Cross Sound trolling, in my opinion, is as wonderful and relaxing an experience as can be found commercial fishing for salmon. The days are early and consistent, as the night changes to day to try and get to the hooks in the water to catch the morning bite. When the fishing is good the work is as steady and hard as any fishery I have experienced. It may lack the brute strength of purse seining or gillnetting in Bristol Bay, but what it lacks in necessity of shear strength it makes up in spades in the finesse department. I jumped at the chance to run the gurdy and gaff salmon over the stern. The act of bringing a fish to the surface, stunning it and gaffing it aboard in one swift motion is as poetic a motion as a fisherman can make.
Power trolling for those who have never experienced it first hand, is as close as you can get to commercial fishing the old fashioned way of using a rod and reel. Which some fishermen still do with hand trolling permits, using rods and or gurdies to lower and raise their lines into the water by hand. The benefit of power trolling is that the gurdies are hydraulically driven and multiple leaders with hooks are run off an individual line, normally four lines are run at a time with a couple dozen hooks attached to each line with a huge weight at the end of each line. The lures are called spoons or hootchies, the later looks like a small squid, and comes in an assortment of crazy shapes, colors, and sizes. Every fisherman has his/her preferred spoons and hootchies to employ when a myriad of variables changes: location, weather, time of day, targeted species of salmon, etc… Some fishermen swear by a specific spoon or hootchie and won’t use anything else, others employ the carpet bombing method of giving the fish a buffet of hooks to choose from for their last meal.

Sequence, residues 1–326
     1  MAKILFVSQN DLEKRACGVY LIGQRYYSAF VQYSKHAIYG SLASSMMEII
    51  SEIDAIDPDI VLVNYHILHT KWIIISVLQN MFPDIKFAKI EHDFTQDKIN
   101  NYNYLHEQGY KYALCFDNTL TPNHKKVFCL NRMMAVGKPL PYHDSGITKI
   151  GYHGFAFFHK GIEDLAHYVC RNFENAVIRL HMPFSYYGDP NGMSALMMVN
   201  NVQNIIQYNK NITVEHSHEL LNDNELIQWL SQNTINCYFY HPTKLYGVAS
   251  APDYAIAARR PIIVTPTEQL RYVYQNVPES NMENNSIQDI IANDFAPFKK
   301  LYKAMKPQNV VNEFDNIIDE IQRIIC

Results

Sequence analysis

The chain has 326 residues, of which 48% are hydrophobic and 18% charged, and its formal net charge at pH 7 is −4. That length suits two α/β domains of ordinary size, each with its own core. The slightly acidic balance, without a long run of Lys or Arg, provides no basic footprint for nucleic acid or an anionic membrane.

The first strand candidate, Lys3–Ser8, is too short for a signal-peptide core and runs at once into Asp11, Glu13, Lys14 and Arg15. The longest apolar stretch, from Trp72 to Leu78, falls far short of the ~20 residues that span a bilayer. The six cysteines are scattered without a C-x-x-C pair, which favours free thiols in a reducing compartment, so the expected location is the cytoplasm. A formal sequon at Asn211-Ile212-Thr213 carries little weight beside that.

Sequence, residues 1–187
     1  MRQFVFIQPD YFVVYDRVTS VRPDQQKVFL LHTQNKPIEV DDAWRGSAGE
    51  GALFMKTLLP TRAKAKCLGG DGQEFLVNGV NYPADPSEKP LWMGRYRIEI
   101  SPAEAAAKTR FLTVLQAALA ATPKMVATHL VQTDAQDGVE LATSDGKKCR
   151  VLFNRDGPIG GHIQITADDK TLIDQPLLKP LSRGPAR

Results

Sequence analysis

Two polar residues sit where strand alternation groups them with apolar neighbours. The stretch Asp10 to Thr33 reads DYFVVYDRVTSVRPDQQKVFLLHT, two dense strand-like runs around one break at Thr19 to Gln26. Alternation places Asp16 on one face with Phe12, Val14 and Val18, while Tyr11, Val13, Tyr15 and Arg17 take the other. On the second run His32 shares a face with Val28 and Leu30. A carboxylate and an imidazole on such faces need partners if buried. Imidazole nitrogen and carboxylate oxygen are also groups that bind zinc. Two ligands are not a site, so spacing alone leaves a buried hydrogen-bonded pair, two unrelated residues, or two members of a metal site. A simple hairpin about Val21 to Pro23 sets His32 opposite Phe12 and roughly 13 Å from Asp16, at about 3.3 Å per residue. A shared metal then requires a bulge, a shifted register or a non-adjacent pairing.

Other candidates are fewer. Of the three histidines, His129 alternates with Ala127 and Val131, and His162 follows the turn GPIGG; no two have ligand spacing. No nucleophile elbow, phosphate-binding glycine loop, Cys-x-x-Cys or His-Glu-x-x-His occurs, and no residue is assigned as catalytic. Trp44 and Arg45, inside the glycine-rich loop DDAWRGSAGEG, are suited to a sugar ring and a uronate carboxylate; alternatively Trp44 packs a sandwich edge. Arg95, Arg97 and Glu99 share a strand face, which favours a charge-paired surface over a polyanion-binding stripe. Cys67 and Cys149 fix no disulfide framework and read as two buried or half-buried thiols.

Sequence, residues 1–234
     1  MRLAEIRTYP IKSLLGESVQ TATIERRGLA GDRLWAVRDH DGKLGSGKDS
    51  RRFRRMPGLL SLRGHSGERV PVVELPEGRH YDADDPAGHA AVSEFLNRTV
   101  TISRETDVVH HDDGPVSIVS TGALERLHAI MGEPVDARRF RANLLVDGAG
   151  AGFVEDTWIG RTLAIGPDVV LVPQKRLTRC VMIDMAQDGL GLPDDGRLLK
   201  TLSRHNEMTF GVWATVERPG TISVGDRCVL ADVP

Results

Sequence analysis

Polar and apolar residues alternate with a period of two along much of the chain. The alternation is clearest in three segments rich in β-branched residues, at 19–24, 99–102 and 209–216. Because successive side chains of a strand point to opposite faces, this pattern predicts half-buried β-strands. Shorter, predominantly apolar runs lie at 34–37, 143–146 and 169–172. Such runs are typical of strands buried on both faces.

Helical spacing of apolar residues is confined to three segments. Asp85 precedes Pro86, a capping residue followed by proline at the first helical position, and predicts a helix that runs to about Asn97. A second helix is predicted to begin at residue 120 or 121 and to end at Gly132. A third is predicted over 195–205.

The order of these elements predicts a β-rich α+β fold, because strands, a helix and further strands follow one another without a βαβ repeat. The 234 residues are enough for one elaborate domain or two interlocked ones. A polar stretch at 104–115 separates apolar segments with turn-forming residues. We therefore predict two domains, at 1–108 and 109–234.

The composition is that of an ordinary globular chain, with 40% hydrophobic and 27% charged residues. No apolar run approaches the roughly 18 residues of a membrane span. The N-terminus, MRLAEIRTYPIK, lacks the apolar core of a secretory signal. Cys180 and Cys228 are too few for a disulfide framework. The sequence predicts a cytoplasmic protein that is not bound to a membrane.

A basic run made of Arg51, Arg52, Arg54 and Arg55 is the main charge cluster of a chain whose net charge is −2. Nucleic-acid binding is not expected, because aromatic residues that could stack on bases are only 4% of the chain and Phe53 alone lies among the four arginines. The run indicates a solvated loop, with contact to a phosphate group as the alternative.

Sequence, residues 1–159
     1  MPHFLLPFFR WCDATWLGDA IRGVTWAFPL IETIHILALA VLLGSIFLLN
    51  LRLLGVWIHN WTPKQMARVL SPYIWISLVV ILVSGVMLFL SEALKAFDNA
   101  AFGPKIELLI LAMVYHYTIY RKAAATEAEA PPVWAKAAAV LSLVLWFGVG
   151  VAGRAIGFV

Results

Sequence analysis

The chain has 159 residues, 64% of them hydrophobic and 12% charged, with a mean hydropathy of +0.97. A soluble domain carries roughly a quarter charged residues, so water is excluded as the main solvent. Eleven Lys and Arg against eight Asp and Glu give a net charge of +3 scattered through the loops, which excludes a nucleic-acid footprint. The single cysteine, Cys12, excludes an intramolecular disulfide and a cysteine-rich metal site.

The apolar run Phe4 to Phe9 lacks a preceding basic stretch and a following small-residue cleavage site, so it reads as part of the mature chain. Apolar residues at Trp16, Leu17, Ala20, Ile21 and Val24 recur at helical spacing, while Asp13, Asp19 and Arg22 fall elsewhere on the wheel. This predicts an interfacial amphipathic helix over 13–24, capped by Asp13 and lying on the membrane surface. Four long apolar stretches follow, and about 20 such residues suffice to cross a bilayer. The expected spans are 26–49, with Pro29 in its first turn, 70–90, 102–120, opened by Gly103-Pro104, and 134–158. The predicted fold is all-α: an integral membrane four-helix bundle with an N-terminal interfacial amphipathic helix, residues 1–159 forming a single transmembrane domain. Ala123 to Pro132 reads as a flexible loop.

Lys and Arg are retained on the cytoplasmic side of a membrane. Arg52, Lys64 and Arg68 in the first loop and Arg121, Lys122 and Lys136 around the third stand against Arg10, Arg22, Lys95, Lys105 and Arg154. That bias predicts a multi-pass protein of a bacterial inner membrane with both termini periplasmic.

My time trolling was spent aboard the F/V Imperial with Nelson Merrill and his crewmember Daniel, as well as on the F/V Keta with Ryland Bell and Holly Enderle. They were all extremely kind to let me photograph them as they met the tasks of each new day. Nelson had just returned from an extensive season of longlining around Alaska, and was enjoying his first season aboard the Imperial. Holly and Ryland both grew up trolling out of Elfin Cove and are an excellent team that shares the burdens of driving the boat and running the gear. We anchored up and rafted together each night and shared dinners, swapped stories, and took every opportunity to row ashore and beach comb. One of the more memorable evenings, both boats anchored behind Cape Spencer and the five of us jumped into a small inflatable raft and rowed between the last of Cape Spencer’s protective rocks with the goal of exploring the Cape Spencer Lighthouse.
Alaska has many historical lighthouses that dot its treacherous coastline. The Cape Spencer Lighthouse marks the entrance to Cross Sound and guides boats to the calmer inner waters of the north end of the Inside Passage as it spills towards the glacial silt laden waters of Icy Strait and the mouth Glacier Bay. The lighthouse was built at the doorstep of the Fairweather Mountain Range in 1925 and has stood testament to years of abuse of saltwater and winds born at the heart of the Pacific Ocean. The lighthouse was originally adorned with a piece of Parisian craftsmanship in the form of a fresnel lens that until 1974 illuminated the way to passing vessels. The lens, as much a piece of artwork as fine craftsmanship, can be found at the Alaska State Museum in Juneau. The lighthouse was manned until the same year the lens was removed, at which point it was fully automated, and now only receives the occasional visits by the coast guard, cellphone tower technicians, and a few adventurous fishermen.
We landed on the north side of the lighthouse, just beneath the remnants of an old crane, in a moderate trough that swelled in and out as we tried to perch the small raft on terra firma. We all made it ashore, hauled the raft above the high-water line, and scrambled our way up slippery rocks. The lighthouse is left open for anyone who finds themselves knocking at its door, and bears signs of warnings from the government to not touch any of the equipment. We explored the lighthouse from the very top of the lighthouse itself to the dark of the basement to try and find a rumored pool table. We found the pool table, but with no light to play by, we were forced to wander around the rest of eerily quiet complex of buildings. The lighthouse would suffice as an emergency shelter, but held little creature comforts for a long stay. With the sun setting over the distant rim of the Pacific Ocean, we departed the otherwise barren rock for the two anchored trollers and a warm meal.
After two weeks on the outer coast, I was reticent to leave the calming and wonderful surroundings of Cross Sound. I look forward to returning as soon as I can. I’m not sure a more pure and beautiful fishery exists. I’ll let you know if I find it.